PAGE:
typedef   long double ld;
ll MOD = 998244353;
double eps = 1e-12;
#define mp make_pair
#define pb push_back
#define INF 2e18
#define fast_cin() ios_base::sync_with_stdio(false); cin.tie(NULL); cout.tie(NULL)
 
int modular_inverse(int a, int m){
    for (int x = 1; x < m; x++)
        if (((a%m) * (x%m)) % m == 1)
            return x;
    return 0;
}
 
int32_t main()
{
    // naive method-calculating the result in a single line
     int ans = 1;
     int naive_answer = ((55555 *55554 *55553 *55552 * 55551)/120)% 1000000007;
 
    // modular_inverse() is a user defined function
    // that calculates inverse of a number
     int i = modular_inverse(120, 10000007);
 
    // it will use extended Euclidean algorithm or
    // Fermat’s Little Theorem for calculation.
    // MMI of 120 under division by 1000000007
    // will be 808333339
    for (int i = 0; i < 5; i++)
        ans = (ans * (55555 - i)) % 1000000007;
     
    ans = (ans * i) % 1000000007;
    cout << "Answer using naive method: " << naive_answer << endl;
    cout << "Answer using multiplicative"
         << " modular inverse concept: " << ans;
 
    return 0;
}
 
// The code is contributed by Gautam goel (gautamgoel962)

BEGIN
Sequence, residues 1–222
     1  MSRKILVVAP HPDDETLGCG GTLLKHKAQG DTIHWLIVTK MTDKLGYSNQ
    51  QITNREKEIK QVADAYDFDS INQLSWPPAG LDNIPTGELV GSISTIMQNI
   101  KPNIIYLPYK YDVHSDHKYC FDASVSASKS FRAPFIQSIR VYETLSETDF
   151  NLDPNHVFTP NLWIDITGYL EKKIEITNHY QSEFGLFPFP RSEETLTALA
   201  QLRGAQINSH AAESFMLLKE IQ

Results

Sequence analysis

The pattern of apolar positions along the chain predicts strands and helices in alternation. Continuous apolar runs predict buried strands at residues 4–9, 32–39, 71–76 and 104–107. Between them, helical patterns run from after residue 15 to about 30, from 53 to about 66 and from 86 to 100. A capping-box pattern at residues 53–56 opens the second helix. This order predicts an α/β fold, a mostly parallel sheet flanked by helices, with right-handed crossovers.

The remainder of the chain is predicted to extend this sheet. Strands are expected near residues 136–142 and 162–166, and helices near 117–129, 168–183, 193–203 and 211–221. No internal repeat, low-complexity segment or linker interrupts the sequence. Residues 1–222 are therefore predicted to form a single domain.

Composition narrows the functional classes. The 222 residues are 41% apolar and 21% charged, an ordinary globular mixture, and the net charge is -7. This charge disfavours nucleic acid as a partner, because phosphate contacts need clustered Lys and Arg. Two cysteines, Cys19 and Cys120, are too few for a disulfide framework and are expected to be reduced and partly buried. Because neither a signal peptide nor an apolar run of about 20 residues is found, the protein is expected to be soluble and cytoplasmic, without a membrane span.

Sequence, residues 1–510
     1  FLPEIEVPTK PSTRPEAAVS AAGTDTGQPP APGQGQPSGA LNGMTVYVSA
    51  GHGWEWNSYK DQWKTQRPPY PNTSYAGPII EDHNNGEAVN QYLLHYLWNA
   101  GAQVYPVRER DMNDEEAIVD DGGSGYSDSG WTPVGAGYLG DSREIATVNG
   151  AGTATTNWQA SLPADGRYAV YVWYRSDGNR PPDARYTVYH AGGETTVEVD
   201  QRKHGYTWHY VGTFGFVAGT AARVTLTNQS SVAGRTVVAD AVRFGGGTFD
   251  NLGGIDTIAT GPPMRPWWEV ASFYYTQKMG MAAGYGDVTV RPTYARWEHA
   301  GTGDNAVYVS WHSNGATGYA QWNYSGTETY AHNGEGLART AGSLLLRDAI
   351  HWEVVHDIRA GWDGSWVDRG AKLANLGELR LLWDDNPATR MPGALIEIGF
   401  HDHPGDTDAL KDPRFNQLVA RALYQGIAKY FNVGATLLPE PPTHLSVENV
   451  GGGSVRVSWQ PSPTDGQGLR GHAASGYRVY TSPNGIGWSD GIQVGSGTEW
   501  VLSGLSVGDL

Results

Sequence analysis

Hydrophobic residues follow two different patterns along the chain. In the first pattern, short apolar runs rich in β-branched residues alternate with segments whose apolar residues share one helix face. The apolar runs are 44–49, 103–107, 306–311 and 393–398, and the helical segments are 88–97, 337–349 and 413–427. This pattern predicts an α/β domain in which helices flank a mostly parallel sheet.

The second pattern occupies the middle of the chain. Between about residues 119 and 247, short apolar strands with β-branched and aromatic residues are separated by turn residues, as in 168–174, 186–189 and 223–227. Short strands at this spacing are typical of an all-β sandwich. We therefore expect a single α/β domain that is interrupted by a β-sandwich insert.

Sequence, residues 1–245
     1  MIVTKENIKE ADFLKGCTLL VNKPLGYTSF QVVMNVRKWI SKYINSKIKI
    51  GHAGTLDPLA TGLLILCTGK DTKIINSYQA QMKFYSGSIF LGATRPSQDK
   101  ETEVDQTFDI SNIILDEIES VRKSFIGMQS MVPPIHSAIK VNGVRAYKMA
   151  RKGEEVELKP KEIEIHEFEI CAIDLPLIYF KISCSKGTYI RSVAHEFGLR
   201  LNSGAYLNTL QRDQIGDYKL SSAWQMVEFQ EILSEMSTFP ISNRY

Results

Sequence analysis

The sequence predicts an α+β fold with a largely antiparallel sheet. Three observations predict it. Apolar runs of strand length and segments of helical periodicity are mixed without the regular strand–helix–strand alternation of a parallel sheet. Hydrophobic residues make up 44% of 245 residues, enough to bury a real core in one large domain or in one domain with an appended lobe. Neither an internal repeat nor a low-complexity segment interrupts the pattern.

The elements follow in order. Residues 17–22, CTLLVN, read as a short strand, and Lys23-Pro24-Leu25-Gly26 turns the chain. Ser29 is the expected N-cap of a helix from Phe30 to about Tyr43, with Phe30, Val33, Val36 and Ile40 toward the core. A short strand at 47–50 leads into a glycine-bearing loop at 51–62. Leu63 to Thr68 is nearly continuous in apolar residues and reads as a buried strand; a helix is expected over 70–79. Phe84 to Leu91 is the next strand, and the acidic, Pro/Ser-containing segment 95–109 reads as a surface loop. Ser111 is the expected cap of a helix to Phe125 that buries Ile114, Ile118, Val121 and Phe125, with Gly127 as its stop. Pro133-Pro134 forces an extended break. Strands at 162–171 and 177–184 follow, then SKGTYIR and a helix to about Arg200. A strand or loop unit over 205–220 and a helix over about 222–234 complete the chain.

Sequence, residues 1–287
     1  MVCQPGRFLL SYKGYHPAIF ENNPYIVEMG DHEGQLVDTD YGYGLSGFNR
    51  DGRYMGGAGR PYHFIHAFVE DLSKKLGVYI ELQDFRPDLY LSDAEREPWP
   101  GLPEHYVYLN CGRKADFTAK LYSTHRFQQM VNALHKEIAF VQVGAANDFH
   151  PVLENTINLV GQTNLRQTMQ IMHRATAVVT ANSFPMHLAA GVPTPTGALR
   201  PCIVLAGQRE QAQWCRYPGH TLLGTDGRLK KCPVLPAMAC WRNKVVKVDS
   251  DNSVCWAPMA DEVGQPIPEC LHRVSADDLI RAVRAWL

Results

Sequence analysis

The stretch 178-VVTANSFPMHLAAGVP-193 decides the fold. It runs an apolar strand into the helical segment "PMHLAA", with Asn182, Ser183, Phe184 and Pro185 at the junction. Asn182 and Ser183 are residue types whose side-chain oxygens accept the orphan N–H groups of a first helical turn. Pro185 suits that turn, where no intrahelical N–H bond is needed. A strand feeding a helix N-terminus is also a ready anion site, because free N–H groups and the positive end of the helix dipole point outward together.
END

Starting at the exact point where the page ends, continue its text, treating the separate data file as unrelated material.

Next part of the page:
Java




// Java program to implement the approach
import java.util.*;
 
class GFG {
 
  static int modular_inverse(int a, int m)
  {
    for (int x = 1; x < m; x++)
      if (((a % m) * (x % m)) % m == 1)
        return x;
    return 0;
  }
 
  public static void main(String[] args)
  {
 
    // naive method-calculating the result in a single
    // line
    int ans = 1;
    Long naive_answer = (55555L * 55554L * 55553L
                         * 55552L * 55551L / 120L)
      % 1000000007L;
    System.out.println("Answer using naive method: "
                       + naive_answer);
 
    // modular_inverse() is a user defined function
    // that calculates inverse of a number
    int i = modular_inverse(120, 10000007);